“It is no accident that Confederate symbols have been the mainstay of white supremacist organizations, from the Ku Klux Klan to the skinheads. They did not appropriate the Confederate battle flag simply because it was pretty. They picked it because it was the flag of a nation dedicated to their ideals: ‘that the negro is not equal to the white man.’ The Confederate flag, we are told, represents heritage, not hate. But why should we celebrate a heritage grounded in hate, a heritage whose self-avowed reason for existence was the exploitation and debasement of a sizeable segment of its population?“
First of all, it is important to remember the words of Dr. Swain, provided at the beginning of this article. This is especially true when someone decides to spew nothing but a narrative at you. More than that, it is important to have the context of the flag itself because it is not about a heritage grounded in hate. Hate groups have chosen that flag because of their ignorance, nothing else.
But their debate makes very little logical sense when you think about it. To begin with, the Civil War was not based on slavery. It was about establishing the powerful centralized federal government we have today. In other words, it was about State’s Rights, the 10th Amendment, and personal and State sovereignty. Even Judge Andrew Napolitano has written on the subject and said, “one of the greatest misconceptions of American history is that the Civil War was fought over slavery” (Napolitano, 2015). If you would like to learn more about this, I would encourage you to read my article titled “Give Some REAL Thought to the Civil War.”
Sure, slavery ended up being a big part of it, but the federal government was engaged in things that quite a few people disagreed with because it was a contradiction to the Constitution. Folks in the South wanted to do something about it. It should not be too difficult to understand that the opposite side would need its own new symbols, flags, and identifying marks to differentiate itself from the bad guy. That rebellion – much like the American Revolution – brought about a lot of this.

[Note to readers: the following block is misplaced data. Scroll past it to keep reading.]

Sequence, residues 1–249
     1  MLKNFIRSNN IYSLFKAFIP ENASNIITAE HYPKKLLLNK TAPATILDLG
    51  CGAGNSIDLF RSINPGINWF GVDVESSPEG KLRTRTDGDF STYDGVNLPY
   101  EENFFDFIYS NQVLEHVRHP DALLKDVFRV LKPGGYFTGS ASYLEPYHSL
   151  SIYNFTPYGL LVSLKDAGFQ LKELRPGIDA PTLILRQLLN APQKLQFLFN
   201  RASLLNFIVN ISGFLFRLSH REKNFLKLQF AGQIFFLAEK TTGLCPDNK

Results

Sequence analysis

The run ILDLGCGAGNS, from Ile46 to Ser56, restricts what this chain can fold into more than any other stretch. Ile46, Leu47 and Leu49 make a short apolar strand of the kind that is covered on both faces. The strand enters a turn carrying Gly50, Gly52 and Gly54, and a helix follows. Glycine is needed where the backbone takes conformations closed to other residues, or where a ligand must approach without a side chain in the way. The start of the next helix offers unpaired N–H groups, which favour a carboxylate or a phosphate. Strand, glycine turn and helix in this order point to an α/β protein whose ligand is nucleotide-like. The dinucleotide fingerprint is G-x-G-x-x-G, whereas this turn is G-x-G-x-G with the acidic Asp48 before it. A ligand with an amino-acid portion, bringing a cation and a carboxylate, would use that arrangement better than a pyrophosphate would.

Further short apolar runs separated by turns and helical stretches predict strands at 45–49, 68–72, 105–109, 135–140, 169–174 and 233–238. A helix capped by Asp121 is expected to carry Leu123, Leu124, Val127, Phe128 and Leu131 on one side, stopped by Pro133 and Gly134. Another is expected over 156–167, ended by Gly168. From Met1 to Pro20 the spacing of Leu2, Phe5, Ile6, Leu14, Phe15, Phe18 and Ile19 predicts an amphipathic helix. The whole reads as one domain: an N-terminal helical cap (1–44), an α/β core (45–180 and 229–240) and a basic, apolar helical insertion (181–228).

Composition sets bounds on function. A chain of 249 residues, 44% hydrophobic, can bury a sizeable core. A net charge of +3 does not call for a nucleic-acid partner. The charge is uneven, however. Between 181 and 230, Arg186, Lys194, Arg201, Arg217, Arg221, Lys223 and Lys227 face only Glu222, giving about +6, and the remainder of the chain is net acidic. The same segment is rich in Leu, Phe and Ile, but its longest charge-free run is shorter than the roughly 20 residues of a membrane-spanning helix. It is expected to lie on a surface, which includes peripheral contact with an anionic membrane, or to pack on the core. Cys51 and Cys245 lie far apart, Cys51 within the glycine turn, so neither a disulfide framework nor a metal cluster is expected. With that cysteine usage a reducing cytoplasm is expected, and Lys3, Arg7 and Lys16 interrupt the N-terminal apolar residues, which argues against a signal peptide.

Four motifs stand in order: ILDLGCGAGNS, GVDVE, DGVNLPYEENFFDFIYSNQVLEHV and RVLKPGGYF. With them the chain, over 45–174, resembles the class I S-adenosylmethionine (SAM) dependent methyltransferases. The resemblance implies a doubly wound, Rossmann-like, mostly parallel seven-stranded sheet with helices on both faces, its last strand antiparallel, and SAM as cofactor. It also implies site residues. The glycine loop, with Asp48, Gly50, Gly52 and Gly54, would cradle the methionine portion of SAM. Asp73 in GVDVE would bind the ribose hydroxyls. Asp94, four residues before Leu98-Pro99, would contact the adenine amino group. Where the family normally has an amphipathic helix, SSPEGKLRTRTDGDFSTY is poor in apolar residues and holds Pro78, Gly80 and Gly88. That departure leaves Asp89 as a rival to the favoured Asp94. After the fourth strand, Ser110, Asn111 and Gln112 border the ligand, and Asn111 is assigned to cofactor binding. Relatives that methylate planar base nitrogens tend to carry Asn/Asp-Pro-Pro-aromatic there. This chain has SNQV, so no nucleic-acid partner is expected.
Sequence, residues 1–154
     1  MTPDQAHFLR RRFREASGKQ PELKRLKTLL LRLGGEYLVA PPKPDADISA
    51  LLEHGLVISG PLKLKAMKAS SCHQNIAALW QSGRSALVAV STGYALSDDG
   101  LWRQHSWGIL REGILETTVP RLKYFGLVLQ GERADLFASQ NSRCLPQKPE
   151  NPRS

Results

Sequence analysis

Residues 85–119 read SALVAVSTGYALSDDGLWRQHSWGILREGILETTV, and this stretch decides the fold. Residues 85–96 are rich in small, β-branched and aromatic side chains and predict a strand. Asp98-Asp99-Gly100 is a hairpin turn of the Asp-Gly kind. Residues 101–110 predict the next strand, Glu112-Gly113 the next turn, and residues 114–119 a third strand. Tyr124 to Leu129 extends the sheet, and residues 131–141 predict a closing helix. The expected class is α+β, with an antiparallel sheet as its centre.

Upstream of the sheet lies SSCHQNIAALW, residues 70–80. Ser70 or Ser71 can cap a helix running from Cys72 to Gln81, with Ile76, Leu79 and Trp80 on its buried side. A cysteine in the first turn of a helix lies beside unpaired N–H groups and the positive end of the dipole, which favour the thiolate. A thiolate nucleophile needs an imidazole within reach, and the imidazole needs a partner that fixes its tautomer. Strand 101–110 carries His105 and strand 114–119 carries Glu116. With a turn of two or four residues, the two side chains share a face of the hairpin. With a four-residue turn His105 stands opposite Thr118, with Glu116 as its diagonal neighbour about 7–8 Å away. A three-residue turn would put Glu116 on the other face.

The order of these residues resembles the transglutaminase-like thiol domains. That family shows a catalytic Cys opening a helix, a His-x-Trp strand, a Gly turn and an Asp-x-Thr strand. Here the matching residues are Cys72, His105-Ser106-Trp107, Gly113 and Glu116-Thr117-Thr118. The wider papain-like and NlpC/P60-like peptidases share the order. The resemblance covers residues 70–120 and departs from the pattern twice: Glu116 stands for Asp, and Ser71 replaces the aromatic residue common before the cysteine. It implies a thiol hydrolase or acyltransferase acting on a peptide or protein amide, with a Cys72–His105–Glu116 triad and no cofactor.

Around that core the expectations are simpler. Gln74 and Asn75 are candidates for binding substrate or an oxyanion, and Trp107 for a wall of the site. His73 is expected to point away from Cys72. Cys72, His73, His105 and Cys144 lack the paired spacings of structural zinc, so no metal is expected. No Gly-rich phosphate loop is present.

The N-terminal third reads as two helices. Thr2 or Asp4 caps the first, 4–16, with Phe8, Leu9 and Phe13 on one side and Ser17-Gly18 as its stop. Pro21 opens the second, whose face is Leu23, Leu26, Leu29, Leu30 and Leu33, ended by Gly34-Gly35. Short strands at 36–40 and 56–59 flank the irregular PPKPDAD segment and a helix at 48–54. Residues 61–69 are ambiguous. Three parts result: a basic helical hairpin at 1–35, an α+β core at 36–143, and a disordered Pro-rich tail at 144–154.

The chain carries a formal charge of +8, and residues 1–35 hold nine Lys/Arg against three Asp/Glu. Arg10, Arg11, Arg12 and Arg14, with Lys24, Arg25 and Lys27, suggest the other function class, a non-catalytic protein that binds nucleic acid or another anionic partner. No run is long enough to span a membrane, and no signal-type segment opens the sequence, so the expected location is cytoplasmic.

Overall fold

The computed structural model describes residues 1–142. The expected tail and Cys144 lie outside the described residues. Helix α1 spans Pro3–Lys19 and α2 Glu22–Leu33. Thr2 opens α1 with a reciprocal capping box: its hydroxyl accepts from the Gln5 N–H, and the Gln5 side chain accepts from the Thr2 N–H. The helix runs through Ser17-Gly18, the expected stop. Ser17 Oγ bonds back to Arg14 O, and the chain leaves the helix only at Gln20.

We need to keep in mind that slavery was rooted in economics – not hate. This is why many blacks and reds not only owned slaves but also fought for the Confederacy. Were you aware of that? Sure, it was a twisted way to help achieve economic goals, but it was not a system of hate. Slavery was an economic model that had been in place for thousands of years.
Look, if a flag should be attacked, then the American flag bears more responsibility. Ironically, only people like Louis Farrakhan seem to be pointing this out (Ernst, 2015). Besides, the “Confederate Flag,” or “Rebel Flag,” as it were, was actually only one of several different flags used during the Civil War. None of them were about “hate“; they represented “rebellion” against the Federal Government.
Just because a couple of ignorant hate groups decided to use it for ignorant hate causes does not take away from the fact that the flag actually stands for the 10th Amendment and the spirit of rebellion. Similar to how Hitler used the swastika, it does not somehow negate the fact that the swastika meant something good, and it doesn’t make entire populations racist for having used it for thousands of years.